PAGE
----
Unprecedented bleaching-induced mortality in Porites spp. at Rangiroa Atoll, French Polynesia
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In April–May 1998, mass coral bleaching was observed in the lagoon of Rangiroa Atoll, Tuamotu Archipelago, French Polynesia. Six months later, the extent of bleaching-induced coral mortality was assessed at three sites. Corals in the fast-growing genus Pocillopora had experienced >99% mortality. Many large colonies of the slow-growing genus Porites (mean horizontal cross-sectional area 5.8 m2) had also died – a phenomenon not previously observed in French Polynesia and virtually unprecedented world-wide. At one site, 25% of colonies, or 44% of the pre-bleaching cover of living Porites, experienced whole-colony mortality. At the two other sites, recently dead Porites accounted for 41% and 82% of the pre-bleaching live cover. Mortality in Porites was negatively correlated with depth between 1.5 and 5 m. Using a 50-year dataset of mean monthly sea surface temperature (SST), derived from ship- and satellite-borne instruments, we show that bleaching occurred during a period of exceptionally high summer SST. 1998 was the first year in which mean monthly SSTs exceeded the 1961–1990 upper 95% confidence limit (29.4°C) for a period of three consecutive months. We suggest that the sustained 3-month anomaly in local summer SST was a major cause of coral mortality, but do not discount the synergistic effect of solar radiation. Recovery of the size-frequency distribution of Porites colonies to pre-bleaching levels may take at least 100 years.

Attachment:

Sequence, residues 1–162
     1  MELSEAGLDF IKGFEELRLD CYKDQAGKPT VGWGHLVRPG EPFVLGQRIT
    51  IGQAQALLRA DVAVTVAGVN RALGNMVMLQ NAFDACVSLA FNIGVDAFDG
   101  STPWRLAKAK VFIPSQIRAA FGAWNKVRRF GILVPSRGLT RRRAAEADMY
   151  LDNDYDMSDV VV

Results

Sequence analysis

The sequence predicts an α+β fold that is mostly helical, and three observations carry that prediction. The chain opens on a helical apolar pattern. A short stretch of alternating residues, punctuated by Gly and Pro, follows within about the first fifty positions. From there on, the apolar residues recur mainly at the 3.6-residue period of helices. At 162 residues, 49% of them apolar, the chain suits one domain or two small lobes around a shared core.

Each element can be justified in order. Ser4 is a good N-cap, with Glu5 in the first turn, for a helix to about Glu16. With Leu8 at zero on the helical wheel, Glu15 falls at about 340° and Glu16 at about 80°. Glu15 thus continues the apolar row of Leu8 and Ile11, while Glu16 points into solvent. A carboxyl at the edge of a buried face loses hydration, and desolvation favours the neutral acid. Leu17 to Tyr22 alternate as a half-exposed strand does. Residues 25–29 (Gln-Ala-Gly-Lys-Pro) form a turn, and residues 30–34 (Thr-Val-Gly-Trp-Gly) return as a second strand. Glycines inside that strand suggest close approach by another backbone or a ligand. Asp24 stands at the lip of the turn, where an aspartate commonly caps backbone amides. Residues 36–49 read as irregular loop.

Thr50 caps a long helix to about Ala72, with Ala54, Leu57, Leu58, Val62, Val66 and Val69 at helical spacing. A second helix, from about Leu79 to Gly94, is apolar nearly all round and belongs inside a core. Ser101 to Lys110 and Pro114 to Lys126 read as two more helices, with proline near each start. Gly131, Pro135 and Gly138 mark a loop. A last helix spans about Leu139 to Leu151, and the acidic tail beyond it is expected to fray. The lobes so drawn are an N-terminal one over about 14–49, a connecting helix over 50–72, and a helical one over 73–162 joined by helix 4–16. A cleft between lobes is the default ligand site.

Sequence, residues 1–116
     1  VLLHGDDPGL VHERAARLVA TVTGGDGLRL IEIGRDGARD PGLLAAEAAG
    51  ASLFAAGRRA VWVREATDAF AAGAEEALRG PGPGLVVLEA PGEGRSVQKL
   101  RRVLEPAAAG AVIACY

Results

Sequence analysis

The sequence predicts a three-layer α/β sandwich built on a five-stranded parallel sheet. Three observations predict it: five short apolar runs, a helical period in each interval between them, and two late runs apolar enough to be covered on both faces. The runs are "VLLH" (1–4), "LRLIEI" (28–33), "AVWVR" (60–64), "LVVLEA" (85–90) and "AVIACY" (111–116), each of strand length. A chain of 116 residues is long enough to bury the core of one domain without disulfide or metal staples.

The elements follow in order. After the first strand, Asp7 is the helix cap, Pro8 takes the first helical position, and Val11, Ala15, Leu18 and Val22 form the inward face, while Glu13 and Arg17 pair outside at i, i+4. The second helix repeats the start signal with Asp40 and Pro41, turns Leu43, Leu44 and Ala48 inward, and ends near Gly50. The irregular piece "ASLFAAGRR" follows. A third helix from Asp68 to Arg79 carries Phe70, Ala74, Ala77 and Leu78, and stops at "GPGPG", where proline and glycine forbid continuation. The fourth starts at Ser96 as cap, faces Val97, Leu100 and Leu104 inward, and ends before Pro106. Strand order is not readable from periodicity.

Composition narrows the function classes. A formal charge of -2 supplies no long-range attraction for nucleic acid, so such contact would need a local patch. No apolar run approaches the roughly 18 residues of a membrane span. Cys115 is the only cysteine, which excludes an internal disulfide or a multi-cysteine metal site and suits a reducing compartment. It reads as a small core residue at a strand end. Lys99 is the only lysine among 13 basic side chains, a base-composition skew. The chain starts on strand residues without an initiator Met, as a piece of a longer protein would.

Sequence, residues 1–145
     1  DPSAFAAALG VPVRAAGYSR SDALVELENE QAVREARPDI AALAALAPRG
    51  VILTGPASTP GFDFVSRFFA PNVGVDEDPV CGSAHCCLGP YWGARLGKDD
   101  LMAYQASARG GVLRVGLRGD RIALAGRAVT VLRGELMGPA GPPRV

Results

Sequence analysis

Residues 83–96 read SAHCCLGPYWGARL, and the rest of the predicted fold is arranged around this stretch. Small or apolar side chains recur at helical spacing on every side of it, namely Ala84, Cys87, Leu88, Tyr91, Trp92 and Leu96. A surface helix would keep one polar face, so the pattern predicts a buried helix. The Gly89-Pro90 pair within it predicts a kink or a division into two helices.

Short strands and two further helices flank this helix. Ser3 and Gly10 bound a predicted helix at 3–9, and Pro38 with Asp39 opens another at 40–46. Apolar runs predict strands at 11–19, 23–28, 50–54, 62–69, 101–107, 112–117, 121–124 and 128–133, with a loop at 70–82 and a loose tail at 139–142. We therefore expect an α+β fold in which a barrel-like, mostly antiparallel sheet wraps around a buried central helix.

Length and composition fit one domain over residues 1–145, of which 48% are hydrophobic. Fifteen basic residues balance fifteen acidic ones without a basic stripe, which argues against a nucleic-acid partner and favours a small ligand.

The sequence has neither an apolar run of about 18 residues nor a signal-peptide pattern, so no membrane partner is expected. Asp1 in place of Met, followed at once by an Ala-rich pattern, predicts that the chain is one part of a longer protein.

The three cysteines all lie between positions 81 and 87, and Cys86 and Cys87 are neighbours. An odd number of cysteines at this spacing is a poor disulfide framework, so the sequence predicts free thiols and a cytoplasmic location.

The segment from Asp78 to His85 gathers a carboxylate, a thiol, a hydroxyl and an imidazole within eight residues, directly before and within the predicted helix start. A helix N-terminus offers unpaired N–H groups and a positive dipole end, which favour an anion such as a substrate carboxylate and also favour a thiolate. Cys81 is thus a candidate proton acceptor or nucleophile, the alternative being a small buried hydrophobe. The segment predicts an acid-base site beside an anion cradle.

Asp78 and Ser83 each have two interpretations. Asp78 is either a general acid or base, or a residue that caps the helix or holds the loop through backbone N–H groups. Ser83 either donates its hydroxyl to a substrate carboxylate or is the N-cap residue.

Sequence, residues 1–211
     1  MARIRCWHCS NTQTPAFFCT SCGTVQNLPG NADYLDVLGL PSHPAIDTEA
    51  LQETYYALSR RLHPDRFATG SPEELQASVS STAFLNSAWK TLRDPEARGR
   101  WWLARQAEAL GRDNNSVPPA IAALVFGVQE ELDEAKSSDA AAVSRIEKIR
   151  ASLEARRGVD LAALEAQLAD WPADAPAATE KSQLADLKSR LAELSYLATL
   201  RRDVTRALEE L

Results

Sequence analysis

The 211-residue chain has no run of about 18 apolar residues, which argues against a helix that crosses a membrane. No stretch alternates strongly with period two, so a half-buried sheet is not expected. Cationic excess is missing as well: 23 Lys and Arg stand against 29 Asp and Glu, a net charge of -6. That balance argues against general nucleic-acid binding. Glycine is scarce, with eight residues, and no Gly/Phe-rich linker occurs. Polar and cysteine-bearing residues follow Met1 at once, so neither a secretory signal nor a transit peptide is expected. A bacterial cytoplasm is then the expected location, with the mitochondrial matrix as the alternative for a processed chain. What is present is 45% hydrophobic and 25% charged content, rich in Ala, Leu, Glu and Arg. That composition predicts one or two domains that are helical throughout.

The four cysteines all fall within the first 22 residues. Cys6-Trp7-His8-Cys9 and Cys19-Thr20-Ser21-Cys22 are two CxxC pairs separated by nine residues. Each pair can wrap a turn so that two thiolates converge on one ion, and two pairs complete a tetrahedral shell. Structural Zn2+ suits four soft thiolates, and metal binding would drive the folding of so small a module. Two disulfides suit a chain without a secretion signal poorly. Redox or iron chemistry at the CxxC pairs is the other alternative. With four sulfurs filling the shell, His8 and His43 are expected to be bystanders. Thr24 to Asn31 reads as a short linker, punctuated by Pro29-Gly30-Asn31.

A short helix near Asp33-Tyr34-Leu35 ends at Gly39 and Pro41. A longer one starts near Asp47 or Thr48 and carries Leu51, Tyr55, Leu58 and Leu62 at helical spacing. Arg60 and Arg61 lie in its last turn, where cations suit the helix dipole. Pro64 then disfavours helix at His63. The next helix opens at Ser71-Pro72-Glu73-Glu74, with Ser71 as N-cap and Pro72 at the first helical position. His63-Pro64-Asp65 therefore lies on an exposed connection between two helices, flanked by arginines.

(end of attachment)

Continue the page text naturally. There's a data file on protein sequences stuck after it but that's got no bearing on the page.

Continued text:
KeywordsCoral Bleaching Mass Coral Coral Mortality Live Cover Mass Coral Bleaching
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